The Federal Bureau of Investigation (FBI) is said to be investigating how Pennsylvania Gov. Tom Wolf’s administration issued permits to construct the controversial Mariner East (ME) pipeline system, according to news media reports.

The Associated Press first reported on the investigation Tuesday, citing three anonymous sources. The FBI is reportedly examining whether the administration forced the state Department of Environmental Protection (DEP) to approve permits for the project despite possible shortcomings in the applications.

News of the probe comes after district attorneys (DA) in Chester and Delaware counties launched separate criminal investigations into the project, which is owned by Energy Transfer LP and operated by Sunoco Pipeline LP. The Delaware County DA is also receiving assistance from Pennsylvania Attorney General Josh Shapiro.

The ME system, which consists of three pipelines in various stages of development and service, has faced constant regulatory and legal challenges that have led to delays and operational problems. Sinkholes have repeatedly opened up along the right-of-way, at times stopping service on ME 1, while construction problems on the broader system have fouled water in populated areas, stoking public outrage.

Most project opposition has come from southeast Pennsylvania, including Chester and Delaware counties, where the project’s issues have primarily been and where shale development does not occur.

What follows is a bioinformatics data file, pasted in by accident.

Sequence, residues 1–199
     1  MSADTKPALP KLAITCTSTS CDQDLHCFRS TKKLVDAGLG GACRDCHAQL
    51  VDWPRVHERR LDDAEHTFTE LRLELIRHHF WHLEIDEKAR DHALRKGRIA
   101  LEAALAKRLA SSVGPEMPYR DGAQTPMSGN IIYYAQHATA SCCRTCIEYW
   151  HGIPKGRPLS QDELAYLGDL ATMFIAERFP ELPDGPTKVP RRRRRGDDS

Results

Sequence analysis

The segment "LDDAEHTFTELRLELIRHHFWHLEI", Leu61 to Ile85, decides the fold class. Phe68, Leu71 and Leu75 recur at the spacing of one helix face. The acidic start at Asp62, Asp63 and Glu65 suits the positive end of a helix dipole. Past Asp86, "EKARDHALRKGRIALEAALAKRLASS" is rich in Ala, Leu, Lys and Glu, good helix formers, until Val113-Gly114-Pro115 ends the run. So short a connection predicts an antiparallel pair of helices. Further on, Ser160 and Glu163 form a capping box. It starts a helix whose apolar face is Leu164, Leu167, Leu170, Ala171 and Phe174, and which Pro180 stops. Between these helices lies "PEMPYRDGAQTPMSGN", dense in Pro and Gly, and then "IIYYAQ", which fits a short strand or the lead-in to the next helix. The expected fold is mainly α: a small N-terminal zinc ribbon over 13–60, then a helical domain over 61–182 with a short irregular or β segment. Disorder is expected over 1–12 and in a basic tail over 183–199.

Energy Transfer spokesperson Lisa Coleman told NGI’s Shale Daily that “we are not aware of any investigation,” adding that the company has not been contacted by the FBI, which has neither confirmed nor denied the probe, according to reports. 

The ME system started operations in 2014 after ME 1, a former refined products line that was converted to move natural gas liquids, entered service. Sunoco launched an open season for ME 2 in 2013, which was initially slated for in-service in late 2016. But the timeline was pushed back in order to obtain all necessary permits, which didn’t occur until 2017. 

Prior to receipt of the key permits, DEP said because of the complexity of the project, it would enhance and extend public participation in the permitting process. Part of the regulatory review included revisions to the original permit applications submitted by Sunoco. The agency did notify the company of technical deficiencies in its applications, which were eventually resolved. DEP issued all key water and erosion permits in February 2017, clearing the way for construction to start.

But the project has been plagued since then. ME 2 has yet to enter full service, while a third pipeline, ME 2X, isn’t expected to come online until next year. The DEP has issued dozens of violations and fined the project more than $13 million as a result.

Project opponents welcomed news of the investigation.

“From the very beginning and many times along the way, we have raised serious questions about the permitting process of the Mariner East project,” said state Sen. Andrew Dinniman (D-Chester County), who has battled the pipeline system. “I hope that this development sheds a bright light on those questions and more.”

The Clean Air Council, which challenged the state’s permits for ME 2, but later dropped the appeal in favor of a settlement with state regulators, said Tuesday it has cautioned “from the beginning that these permits were being rushed and the consequences have been disastrous.”